It was our last day in the north and the sun was shining. Stuart and I had breakfast in the park before collecting our friend, then the three of us set off to enjoy the morning, starting with the beauty of the high places we love. Not very far… just a few minutes’ drive… and you are out of the city. The moors wrap themselves around the road, putting the small lives of man into perspective. We drove past Barbrook, where a week before the rain and wind had pelted us in horizontal fury. But today the lady beside me had sunshine and we turned towards Curbar Edge.
It is a short walk to the edge of the moors, from here the wide valleys, walled fields and small villages are wreathed in hills and stone. From here the distance turns blue and mists the horizon. From here all you see is beauty. Carpets of speedwell nestle in the wiry grass, cuckoo pint and buttercups catch the sun, fronds of bracken unfurl like strange creatures, tight spirals of a summer to come. We sat and looked. A robin sat beside us on a wind-bent tree. Crows flew glossy in the sunlight, ladybirds and butterflies brought the ground to life. The hills are old; you can feel their wisdom and depth, the slow growing of stone. In spite of our roads and boundaries, the place has wildness and a passion that smoulders just beneath the surface waiting for the answering leap of a listening heart. We simply looked, and loved, and that was our morning prayer. It was enough.
Later we drove through the beautiful countryside to Tideswell, an ancient village of mellow stone where time seems written in happy wrinkles on the faces of the cottages. We wanted to revisit the church… the Cathedral of the Peak. An impressive building for a small town, but not particularly interesting from our perspective, we said. We’d been there a couple of weeks ago and had been disappointed. We expected little.
Wrong again. Last time we had just been working at high octane and evidently not in the right frame of mind to notice things. This time we didn’t even make it inside before we saw the first green man… then the porch was full of symbols… and inside was a revelation. The church is simply heaving with Stuff we will have to investigate properly for the books! There was even much of the sacred geometry Stuart is working on for Doomsday in there… let alone all the marvellous beasts… and you should hear what he had to say about the pulpit when he managed to drag me away from the woodwork… And that was before we got as far as the chancel!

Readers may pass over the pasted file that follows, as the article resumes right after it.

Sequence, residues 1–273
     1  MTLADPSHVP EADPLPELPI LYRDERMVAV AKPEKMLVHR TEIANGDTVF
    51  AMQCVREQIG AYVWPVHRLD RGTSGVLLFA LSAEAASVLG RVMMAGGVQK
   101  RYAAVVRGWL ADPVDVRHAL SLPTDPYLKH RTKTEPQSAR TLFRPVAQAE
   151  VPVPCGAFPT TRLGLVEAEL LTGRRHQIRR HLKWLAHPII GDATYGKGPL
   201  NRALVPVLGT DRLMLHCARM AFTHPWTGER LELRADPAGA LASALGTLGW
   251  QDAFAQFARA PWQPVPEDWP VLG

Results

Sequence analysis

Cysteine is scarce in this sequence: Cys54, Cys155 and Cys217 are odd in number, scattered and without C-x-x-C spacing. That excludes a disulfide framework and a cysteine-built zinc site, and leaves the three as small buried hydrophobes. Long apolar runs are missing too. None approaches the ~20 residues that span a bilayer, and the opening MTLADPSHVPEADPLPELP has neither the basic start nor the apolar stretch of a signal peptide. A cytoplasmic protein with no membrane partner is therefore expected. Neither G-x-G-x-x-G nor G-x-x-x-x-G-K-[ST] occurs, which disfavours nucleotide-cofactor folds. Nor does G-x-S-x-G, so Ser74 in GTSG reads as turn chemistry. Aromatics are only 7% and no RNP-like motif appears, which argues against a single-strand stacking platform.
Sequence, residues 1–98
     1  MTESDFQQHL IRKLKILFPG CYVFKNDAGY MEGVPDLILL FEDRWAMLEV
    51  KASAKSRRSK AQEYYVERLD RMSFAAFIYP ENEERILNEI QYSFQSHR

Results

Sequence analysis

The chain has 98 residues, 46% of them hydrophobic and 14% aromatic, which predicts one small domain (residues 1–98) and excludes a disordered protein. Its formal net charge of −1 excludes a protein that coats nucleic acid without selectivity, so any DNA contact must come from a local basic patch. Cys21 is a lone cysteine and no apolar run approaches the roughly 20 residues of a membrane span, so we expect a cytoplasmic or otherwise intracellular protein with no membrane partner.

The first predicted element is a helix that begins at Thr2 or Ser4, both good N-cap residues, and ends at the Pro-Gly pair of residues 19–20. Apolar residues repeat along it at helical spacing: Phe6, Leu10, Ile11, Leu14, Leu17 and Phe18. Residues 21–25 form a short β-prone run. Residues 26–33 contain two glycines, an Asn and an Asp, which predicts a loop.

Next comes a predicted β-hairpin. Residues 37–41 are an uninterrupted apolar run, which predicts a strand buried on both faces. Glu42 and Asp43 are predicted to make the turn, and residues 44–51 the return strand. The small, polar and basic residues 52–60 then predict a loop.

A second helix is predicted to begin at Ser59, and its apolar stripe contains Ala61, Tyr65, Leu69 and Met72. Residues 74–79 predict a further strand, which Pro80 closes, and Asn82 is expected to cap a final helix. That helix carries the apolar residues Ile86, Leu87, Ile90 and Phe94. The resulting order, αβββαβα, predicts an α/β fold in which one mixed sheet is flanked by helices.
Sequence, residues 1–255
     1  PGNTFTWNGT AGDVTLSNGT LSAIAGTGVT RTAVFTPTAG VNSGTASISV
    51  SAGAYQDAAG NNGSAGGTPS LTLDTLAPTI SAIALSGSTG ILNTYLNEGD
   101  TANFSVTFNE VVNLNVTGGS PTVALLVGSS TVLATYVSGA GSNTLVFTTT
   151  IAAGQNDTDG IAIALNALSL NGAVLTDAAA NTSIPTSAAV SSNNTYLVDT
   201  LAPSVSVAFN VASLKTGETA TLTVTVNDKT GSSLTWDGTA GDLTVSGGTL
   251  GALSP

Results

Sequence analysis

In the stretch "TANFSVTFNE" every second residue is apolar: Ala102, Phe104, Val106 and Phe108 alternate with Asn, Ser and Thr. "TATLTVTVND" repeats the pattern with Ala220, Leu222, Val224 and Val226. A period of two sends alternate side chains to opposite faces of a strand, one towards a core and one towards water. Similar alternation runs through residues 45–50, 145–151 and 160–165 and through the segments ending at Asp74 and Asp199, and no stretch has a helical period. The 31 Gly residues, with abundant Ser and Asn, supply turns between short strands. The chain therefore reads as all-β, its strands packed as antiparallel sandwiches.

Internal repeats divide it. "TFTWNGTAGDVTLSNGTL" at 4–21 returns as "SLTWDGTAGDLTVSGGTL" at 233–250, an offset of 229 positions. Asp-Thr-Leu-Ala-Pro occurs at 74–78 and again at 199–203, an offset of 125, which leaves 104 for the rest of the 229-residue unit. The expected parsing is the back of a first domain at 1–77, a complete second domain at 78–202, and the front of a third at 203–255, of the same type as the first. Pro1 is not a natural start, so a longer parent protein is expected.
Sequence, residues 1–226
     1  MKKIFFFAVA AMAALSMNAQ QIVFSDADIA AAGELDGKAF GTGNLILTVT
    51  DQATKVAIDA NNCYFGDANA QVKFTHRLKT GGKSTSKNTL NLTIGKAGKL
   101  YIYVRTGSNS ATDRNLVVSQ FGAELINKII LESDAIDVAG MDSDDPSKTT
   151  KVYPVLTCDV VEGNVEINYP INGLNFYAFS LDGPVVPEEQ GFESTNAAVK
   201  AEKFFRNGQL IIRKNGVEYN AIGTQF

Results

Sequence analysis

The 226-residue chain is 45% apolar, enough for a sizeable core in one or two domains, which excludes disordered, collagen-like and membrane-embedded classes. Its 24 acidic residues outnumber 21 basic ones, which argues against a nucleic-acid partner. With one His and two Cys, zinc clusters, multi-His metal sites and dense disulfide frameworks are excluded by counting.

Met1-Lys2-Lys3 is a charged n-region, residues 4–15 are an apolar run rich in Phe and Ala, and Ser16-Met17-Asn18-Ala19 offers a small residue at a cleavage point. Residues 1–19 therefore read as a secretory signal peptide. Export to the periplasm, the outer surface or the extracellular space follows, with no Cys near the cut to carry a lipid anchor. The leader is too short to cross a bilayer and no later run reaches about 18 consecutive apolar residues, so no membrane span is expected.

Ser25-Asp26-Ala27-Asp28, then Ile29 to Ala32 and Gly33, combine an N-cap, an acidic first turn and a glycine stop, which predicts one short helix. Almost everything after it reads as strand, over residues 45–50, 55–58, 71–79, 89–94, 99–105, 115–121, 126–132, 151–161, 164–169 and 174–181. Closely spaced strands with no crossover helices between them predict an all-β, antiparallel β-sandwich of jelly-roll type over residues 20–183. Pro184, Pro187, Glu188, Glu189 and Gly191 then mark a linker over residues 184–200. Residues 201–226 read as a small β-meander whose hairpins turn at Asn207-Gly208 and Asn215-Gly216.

The woodwork in there is incredible, fantastic in all senses of the word. In the centre of the tiled floor is a tomb from the 15th century, the pierced sides showing a cavity where the deceased is carved in stone, his head flanked by angels upholding his chin. The windows alone need a book to themselves and the statuary is unusual, let alone the reredos! We were, inevitably, there a while.
A short drive took us to Cressbrook Dale where we stopped to tell Diana the stories of our last few visits and point out the landmarks then we drove on to the Barrel Inn for refreshments and the fabulous view over the dale. We sat outside in the sunshine, talking. There are a lot of memories in this area, these days. From there it was a descent through Foolow to great Hucklow and the Queen Anne where we felt obliged to stop again, even though it was only minutes away… That too holds memories and we found that Diana had never been inside the old place. We sat in the garden, talking some more. A lot more. Emotions ran high as I told the story of the girl I had ‘met’ on the moors and how that was unfolding in an odd reality.
Eventually, we left and headed off once more… even though the next stop was to be a pub too. We simply couldn’t drive past the Three Stags without calling in and we were in luck, as the clear soprano voice greeted our entry. The tiny place was fairly empty when we arrived. We must have timed it beautifully for it wasn’t long before it had filled as the music continued and everyone joined the song. You could see human history in action… the hearth fire was a pub table, but the music flowed, the chorus was learned in seconds and a camaraderie grew organically as the voices and music carried us away from time and place into simply being.
But the clock was calling again. A leisurely drive to the Peacock for dinner, a short drive back to Stu’s for coffee, proper Bakewell tart and to collect luggage… then it was time to hit the road for the final two hundred miles of the day. For once and for speed this time I was taking the motorway, but not before we had seen the crooked spire of Chesterfield, no before a heron had flown over… and a suicidal squirrel, the third of the day, had tried to throw itself under the car. As we drove an owl lifted silently into the darkness and we left the north behind with that ache in the heart one gets when leaving home behind.